Product images of Broad pennant
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Commodore's broad pennant made of blue silk, hand-sewn with silk ties and cords attached. A label sewn to the reverse states: 'Given to Commodore The Hon. H. Keppel by the ladies of Machow and carried in the boat attack on Fatshan Creek'. The pennant has been backed with cotton net to reinforce the material.
Henry Keppel's frigate HMS 'Raleigh' was damaged and run aground between Hong Kong and Macao' in 1857 on her voyage out to the Far East. Keppel notes that between 20-24 April 'I had apartments at the Dent's bungalow at Hong Kong as well as rooms at Macao, passenger steamers running daily.'
The battle of Fatshan Creek, on 1 June 1857, was a boat attack on Chinese war junks moored in a tributary of the Canton River. Keppel's boat was sunk in the initial attack which was beaten back by the Chinese ships. He launched a second attack with reinforcements, moving his broad pennant to 'Raleigh's' cutter. In a letter to his sister he describes a bit of blue bunting being prepared to represent his broad pennant. This casts some doubt on the story that this particular pennant was flown in the battle. It is a boat flag, and would not have been used by Keppel's vessel, the paddle tender 'Hongkong'.
Keppel was Commodore of the Blue. This was a temporary rank between Captain and Rear-Admiral. The 1826 regulations divided commodores into first class when their ship was commanded by a captain, and second class when they commanded the ship themselves. The first class had red broad pennants or white ones with the red cross of St George. Commodores of the second class had blue broad pennants. After 1864 all broad pennants were white with a red cross overall.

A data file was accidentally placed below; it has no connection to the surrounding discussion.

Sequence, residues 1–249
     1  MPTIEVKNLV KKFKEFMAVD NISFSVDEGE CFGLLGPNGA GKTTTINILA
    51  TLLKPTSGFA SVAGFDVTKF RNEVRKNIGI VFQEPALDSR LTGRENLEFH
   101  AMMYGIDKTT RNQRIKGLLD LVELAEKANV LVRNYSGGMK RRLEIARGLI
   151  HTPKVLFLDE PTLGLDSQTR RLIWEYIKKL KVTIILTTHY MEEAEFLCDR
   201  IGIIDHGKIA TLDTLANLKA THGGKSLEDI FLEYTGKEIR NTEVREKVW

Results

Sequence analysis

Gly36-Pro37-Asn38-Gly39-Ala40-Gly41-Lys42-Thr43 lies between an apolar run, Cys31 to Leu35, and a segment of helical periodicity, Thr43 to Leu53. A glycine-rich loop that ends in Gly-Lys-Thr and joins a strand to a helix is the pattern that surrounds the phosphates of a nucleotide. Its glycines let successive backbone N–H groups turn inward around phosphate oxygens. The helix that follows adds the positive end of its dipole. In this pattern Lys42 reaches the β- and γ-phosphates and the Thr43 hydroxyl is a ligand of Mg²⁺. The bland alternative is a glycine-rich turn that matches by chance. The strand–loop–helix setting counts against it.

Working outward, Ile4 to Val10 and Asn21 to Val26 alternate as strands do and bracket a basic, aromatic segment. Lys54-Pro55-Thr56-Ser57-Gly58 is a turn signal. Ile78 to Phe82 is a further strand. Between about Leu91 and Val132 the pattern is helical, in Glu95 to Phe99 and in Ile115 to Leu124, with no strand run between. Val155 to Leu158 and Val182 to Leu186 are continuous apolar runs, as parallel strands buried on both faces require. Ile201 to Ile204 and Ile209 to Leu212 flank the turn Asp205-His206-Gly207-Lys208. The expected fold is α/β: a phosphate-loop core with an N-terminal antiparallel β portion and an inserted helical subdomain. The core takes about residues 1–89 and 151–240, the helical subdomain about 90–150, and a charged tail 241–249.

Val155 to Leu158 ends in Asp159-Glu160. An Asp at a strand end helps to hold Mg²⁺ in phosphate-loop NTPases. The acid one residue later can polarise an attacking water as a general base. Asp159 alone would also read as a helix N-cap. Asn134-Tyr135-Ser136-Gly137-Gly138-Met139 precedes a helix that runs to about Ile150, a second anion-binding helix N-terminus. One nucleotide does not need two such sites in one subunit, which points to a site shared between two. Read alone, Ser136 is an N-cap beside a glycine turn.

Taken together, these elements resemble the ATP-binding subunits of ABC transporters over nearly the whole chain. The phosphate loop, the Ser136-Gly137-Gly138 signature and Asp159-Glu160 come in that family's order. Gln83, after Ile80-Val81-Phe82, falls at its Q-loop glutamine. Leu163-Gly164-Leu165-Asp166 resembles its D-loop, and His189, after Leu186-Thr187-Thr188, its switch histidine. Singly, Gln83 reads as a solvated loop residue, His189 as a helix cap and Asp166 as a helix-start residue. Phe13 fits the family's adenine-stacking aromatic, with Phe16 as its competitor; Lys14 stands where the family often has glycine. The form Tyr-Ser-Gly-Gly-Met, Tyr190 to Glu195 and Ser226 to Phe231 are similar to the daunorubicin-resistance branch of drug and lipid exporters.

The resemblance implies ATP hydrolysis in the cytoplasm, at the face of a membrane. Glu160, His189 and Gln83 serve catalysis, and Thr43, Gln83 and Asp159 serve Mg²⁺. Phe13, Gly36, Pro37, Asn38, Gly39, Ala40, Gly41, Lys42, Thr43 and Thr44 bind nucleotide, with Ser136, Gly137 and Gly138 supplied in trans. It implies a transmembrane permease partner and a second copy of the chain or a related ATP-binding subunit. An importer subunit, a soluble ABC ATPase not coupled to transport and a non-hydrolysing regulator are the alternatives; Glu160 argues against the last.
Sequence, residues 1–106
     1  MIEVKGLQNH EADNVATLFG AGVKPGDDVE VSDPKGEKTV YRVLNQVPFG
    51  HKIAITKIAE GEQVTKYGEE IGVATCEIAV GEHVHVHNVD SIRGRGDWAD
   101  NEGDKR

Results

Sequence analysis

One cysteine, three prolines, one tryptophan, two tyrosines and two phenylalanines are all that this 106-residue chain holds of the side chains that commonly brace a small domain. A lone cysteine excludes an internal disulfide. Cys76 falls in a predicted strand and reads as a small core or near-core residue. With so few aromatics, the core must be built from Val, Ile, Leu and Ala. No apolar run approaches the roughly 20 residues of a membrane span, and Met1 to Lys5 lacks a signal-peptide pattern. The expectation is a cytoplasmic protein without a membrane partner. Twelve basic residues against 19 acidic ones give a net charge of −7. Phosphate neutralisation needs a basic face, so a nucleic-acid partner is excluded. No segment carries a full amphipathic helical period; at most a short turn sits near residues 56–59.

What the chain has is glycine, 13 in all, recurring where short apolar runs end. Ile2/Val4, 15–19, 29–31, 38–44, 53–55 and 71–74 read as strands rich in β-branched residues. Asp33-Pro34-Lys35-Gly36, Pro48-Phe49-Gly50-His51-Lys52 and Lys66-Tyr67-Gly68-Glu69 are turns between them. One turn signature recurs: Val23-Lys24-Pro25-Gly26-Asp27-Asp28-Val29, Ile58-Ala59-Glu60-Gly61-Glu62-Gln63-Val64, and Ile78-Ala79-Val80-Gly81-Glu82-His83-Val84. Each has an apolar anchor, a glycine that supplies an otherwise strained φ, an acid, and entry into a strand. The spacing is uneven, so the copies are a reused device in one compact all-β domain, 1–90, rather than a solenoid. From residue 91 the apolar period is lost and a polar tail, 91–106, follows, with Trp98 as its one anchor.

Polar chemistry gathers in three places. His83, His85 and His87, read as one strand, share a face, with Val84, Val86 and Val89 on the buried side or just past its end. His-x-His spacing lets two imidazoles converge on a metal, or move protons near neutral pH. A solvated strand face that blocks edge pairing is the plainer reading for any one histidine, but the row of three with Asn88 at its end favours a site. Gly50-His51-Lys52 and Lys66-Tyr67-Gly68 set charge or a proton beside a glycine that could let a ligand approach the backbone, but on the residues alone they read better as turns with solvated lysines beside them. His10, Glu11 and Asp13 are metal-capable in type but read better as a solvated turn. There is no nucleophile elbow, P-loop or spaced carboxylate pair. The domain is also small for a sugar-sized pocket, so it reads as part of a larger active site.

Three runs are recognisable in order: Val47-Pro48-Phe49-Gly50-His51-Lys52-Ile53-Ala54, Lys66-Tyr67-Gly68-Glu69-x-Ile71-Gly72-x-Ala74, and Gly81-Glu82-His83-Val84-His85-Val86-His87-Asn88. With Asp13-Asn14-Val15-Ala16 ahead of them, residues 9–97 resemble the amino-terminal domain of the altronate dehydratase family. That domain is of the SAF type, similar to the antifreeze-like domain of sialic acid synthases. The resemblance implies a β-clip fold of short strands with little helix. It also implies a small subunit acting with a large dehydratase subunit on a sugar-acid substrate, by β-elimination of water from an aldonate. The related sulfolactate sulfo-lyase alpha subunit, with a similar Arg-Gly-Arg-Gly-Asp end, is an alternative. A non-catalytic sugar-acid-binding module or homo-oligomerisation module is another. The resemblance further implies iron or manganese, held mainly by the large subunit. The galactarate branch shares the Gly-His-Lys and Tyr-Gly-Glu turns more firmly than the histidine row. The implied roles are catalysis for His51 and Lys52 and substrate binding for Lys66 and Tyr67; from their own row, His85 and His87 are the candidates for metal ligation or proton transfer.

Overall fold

The sixth surviving son of the fourth Earl of Albemarle, Sir Henry Keppel (1809-1904) entered the Navy in 1822. He was commissioned lieutenant in 1829 and saw active service in the 'Magicienne' in the war between the East India Company and the Rajah of Nanning. In command of the 'Childers' brig, he assisted the forces of the Queen Regent of Spain against the Carlists before being posted to West Africa. He was promoted Captain in 1837 and commanded 'Dido' during the first China War. He then cooperated with Sir James Brooke in suppressing piracy in Sarawak. During the Crimean War he commanded the 'Jean d'Acre' in the Baltic in 1854. In 1855 he moved to the 'Rodney' and commanded a naval brigade at the siege of Sebastopol. He was second in command on the China station in 'Raleigh', which struck an uncharted rock and sank (though without loss of life). In the steamer 'Hong Kong' he commanded British forces at the battle of Fatshan Creek 1 June 1857. He was Commander in Chief on the Cape station and afterwards transferred to Brazil following a dispute with the governor. He reached the rank of Vice-Admiral in 1864 and was appointed Commander-in Chief on the China station in 1866. He returned home and was appointed Admiral of the Fleet in 1877. By a special order in council, his name was retained on the active list of the navy until his death.
Original size: 864 mm x 1321 mm
- Image reference: L0122
- National Maritime Museum, Greenwich, London